Gary introduced the Free COVID-19 Testing Act, which was enacted as part of the Families First Coronavirus Response Act, to make Coronavirus testing free. He also has called for increased access to testing to prevent the spread of Coronavirus and help in efforts to safely reopen the economy. He helped secure additional funding for testing, including $315 million for Michigan through the Paycheck Protection Program and Health Care Enhancement Act that was enacted in April 2020. He has repeatedly called on the Trump Administration to reopen health care enrollment to allow Michiganders without insurance to get the coverage they need during this public health crisis. Gary also pressed the Federal Emergency Management Agency to be more transparent with their efforts to address existing racial and socioeconomic disparities in their Coronavirus response efforts and ensure vulnerable communities get the help they need.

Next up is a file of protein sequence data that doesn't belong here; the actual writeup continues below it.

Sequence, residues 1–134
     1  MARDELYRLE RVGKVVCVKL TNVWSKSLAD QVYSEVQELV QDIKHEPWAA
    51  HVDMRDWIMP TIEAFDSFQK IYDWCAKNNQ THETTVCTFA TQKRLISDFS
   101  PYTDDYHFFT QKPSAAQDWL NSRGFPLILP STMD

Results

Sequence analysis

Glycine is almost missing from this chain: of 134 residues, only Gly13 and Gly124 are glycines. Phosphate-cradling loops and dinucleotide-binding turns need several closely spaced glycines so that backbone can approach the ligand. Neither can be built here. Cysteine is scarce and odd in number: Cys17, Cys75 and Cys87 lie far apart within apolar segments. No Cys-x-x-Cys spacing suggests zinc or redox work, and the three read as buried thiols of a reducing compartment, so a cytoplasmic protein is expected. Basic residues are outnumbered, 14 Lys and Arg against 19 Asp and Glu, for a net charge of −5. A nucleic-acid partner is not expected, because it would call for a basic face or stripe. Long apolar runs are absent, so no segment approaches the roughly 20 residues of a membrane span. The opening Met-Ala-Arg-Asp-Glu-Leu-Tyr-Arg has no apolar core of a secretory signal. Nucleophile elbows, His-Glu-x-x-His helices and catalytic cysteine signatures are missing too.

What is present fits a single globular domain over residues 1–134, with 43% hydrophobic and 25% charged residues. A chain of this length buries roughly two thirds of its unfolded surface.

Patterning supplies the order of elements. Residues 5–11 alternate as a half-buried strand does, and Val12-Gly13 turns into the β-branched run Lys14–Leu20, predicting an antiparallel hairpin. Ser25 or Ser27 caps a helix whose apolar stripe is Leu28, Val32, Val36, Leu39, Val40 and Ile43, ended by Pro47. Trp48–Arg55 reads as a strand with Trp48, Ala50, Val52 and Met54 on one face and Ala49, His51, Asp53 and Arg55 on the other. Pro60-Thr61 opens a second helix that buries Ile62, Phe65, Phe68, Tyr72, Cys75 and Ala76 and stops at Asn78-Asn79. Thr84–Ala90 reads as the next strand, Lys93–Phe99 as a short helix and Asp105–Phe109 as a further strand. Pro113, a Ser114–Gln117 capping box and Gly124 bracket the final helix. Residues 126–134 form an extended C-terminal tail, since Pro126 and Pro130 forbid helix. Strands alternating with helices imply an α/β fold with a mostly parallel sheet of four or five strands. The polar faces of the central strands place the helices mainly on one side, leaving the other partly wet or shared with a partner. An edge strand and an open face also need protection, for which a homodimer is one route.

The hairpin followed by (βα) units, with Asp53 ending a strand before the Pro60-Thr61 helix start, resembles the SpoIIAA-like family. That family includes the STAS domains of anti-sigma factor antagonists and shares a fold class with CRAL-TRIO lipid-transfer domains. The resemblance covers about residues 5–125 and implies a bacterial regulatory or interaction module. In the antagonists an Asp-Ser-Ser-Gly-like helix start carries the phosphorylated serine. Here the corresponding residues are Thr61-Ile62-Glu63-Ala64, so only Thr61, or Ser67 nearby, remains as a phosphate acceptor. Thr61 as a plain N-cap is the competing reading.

Gary also proposed establishing a COVID-19 “Heroes Fund” to federally-fund premium pay to help support frontline workers, including health care professionals, workers at grocery stores, food supply workers, home care workers, first responders and law enforcement officers, pharmacists, delivery workers and other essential workers. A provision based on Gary’s proposal passed in the U.S. House of Representatives in May 2020.
Supporting Michigan Small Businesses